I think you should always offer a $20 which is ideally already in your hand. Maybe say, "Thanks so much; let me buy you a pizza."

But definitely offer; otherwise you could come off as non-thankful that people go out of their way to help capture your runaway pooch.
posted by yes I said yes I will Yes at 11:40 AM on September 3, 2016 [2 favorites]

haha pizza jinx
posted by yes I said yes I will Yes at 11:49 AM on September 3, 2016 [8 favorites]

I have a dog, I am a dog person. I would refuse the reward. I kind of always assumed that non-dog people would take it.

I don't think it's rude to offer at all and wouldn't be insulted, I'd refuse in an effort to pay it forward (thank you to all you people who helped me find my dogs when they've gotten out!). I feel like it's my duty to help every dog safely get home to their people, I love all dogs so that's just part of the deal.

But if someone who doesn't really like dogs helps me out and helps my dog get home safe, I might insist they take that reward but I still think most people would refuse.

If you really wanted to do something, you could make a donation in their name (or something more anonymous) and let them know about it.

Full disclosure, I was born, raised, and continue to live in Minnesota where we have a reputation for being nice (or sometimes "nice" in a kind of back handed way but usually just nice) so factor that in.
posted by VTX at 11:51 AM on September 3, 2016 [2 favorites]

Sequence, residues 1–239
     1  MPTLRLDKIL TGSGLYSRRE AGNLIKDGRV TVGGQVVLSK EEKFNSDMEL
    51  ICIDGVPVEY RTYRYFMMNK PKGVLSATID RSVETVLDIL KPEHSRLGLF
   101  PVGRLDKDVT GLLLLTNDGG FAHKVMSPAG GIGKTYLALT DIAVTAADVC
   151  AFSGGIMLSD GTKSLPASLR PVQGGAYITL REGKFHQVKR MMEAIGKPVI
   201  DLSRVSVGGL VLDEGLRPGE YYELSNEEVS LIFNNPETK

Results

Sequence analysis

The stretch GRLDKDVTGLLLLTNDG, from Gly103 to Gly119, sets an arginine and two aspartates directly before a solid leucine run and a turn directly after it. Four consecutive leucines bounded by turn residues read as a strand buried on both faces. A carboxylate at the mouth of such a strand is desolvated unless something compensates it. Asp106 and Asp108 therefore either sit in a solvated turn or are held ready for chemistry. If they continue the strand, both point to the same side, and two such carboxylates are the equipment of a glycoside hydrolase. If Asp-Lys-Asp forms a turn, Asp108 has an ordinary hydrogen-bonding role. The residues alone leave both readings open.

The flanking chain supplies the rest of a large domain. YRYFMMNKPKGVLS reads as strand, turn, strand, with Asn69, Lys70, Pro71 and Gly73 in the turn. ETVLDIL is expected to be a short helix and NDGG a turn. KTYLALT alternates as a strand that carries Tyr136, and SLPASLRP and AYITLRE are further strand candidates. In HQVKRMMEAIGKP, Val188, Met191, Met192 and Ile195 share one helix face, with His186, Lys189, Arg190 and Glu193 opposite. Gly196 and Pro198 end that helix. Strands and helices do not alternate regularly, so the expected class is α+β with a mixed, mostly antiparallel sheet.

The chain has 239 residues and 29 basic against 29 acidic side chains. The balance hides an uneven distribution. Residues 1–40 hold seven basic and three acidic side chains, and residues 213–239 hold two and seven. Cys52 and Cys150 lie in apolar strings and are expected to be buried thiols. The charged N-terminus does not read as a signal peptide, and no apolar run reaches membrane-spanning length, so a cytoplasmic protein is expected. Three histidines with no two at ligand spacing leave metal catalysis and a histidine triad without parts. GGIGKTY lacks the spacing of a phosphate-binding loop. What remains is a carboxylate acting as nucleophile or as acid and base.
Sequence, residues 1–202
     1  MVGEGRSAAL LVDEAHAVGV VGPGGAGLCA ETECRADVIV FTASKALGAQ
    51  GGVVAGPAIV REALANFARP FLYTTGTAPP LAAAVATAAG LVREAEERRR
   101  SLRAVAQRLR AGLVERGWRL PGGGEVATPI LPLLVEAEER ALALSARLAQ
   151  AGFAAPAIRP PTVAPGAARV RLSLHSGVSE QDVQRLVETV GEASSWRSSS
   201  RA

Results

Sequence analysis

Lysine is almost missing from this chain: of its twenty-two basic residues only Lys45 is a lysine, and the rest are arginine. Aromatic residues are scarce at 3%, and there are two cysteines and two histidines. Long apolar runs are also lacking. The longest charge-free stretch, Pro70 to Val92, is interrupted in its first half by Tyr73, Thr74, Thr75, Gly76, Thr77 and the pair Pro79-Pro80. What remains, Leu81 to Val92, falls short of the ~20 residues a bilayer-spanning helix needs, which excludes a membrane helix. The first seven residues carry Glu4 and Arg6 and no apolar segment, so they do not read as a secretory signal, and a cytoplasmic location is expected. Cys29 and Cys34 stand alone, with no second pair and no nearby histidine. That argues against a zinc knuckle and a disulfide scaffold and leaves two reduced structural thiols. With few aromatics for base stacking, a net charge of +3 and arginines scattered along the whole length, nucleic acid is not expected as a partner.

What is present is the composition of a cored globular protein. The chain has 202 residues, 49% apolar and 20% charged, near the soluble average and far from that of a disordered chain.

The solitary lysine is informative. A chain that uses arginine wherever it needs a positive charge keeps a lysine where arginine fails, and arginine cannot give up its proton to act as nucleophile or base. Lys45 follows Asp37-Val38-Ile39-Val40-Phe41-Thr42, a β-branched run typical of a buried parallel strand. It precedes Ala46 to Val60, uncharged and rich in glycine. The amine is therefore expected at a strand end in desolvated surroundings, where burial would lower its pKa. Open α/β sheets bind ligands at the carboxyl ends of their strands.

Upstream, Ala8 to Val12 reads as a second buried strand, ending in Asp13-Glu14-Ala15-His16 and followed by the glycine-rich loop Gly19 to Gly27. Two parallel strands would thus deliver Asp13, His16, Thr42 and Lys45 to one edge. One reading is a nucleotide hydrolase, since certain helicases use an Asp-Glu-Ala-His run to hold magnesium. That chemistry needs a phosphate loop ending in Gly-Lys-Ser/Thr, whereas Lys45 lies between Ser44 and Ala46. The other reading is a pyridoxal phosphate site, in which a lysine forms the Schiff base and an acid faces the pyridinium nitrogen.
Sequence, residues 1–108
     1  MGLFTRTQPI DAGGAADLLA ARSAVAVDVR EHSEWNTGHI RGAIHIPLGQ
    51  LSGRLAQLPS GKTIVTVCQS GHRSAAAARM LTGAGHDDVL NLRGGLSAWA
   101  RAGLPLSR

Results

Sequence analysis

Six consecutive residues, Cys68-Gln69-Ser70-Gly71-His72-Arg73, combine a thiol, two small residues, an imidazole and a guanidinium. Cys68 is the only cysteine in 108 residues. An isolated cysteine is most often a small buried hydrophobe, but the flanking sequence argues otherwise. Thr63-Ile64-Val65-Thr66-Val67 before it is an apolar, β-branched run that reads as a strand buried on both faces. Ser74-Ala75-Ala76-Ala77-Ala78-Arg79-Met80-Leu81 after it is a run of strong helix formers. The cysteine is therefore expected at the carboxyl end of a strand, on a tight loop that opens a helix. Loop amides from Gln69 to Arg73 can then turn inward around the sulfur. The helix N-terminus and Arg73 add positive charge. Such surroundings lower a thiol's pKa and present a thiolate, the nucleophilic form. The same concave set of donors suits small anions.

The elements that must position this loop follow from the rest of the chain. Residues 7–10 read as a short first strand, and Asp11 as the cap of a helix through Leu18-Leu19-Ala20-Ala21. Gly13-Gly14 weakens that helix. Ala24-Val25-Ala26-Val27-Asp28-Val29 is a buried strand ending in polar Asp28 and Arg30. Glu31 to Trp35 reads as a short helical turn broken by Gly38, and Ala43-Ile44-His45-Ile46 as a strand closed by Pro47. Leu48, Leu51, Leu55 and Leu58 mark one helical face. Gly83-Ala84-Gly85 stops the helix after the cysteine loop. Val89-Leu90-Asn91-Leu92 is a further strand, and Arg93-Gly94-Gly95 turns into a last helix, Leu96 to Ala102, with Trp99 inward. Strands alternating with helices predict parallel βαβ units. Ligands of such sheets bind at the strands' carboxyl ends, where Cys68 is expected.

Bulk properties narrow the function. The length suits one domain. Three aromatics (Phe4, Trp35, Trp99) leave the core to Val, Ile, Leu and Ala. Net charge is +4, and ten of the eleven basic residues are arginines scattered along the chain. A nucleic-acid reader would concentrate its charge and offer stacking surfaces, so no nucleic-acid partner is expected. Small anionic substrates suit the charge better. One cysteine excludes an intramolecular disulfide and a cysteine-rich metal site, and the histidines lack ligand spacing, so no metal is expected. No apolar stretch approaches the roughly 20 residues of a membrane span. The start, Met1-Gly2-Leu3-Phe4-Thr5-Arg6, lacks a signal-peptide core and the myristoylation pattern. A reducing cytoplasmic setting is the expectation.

I am not a dog person, and I would turn the money down, but offering it seems like the decent thing to do, especially if it happens a lot. $20 also seems like a good amount. I once found a credit card and called the person it belonged to. Even though I was a struggling single mom, when they offered me $5, it made me feel like they wanted to offer a reward, but couldn't really afford it, so I turned them down.
posted by FencingGal at 11:57 AM on September 3, 2016 [3 favorites]

I'm on the side of offering the reward, but don't worry much about it if it's refused. You're recognizing that they've done something for you they didn't have to do, and if they refuse your reward, then it just means altruism is its own reward to them. I don't feel like class really enters into the discussion.

I like the idea of offering a reward in kind though, like bringing some cookies or something in addition to offering the monetary reward; that way, you have the cookies (or whatever) with you when you pick the dog up, and it's a way to show appreciation that I feel would be more likely to be accepted than money.
posted by Aleyn at 12:09 PM on September 3, 2016

I would turn the money down, because getting to hug a dog I've never hugged before while waiting for the owner to come and get him is THE BEST REWARD. But it's very nice that you offered one and not insulting or weird at all!
posted by ilovewinter at 12:19 PM on September 3, 2016 [5 favorites]

I find dogs a lot and I don't take any rewarfs because karma, but I'd say it's 50/50 on people offering.
posted by fshgrl at 12:24 PM on September 3, 2016

I brought in a runner not long ago, and the dog and my dog became instant friends while I was waiting for the runner dog's people to call me back. When they came by to pick him up, I got a sincere thanks and an offer for a doggy playdate, and that seemed perfectly right.

So with dog people, money could be weird. Would certainly be weird for me. I can't vouch for non-dog people.
posted by mochapickle at 12:26 PM on September 3, 2016 [1 favorite]

I think your way is right, but if your son grew up in the neighborhood, maybe give his concerns a bit more weight. (If he didn't, you can probably safely ignore him.)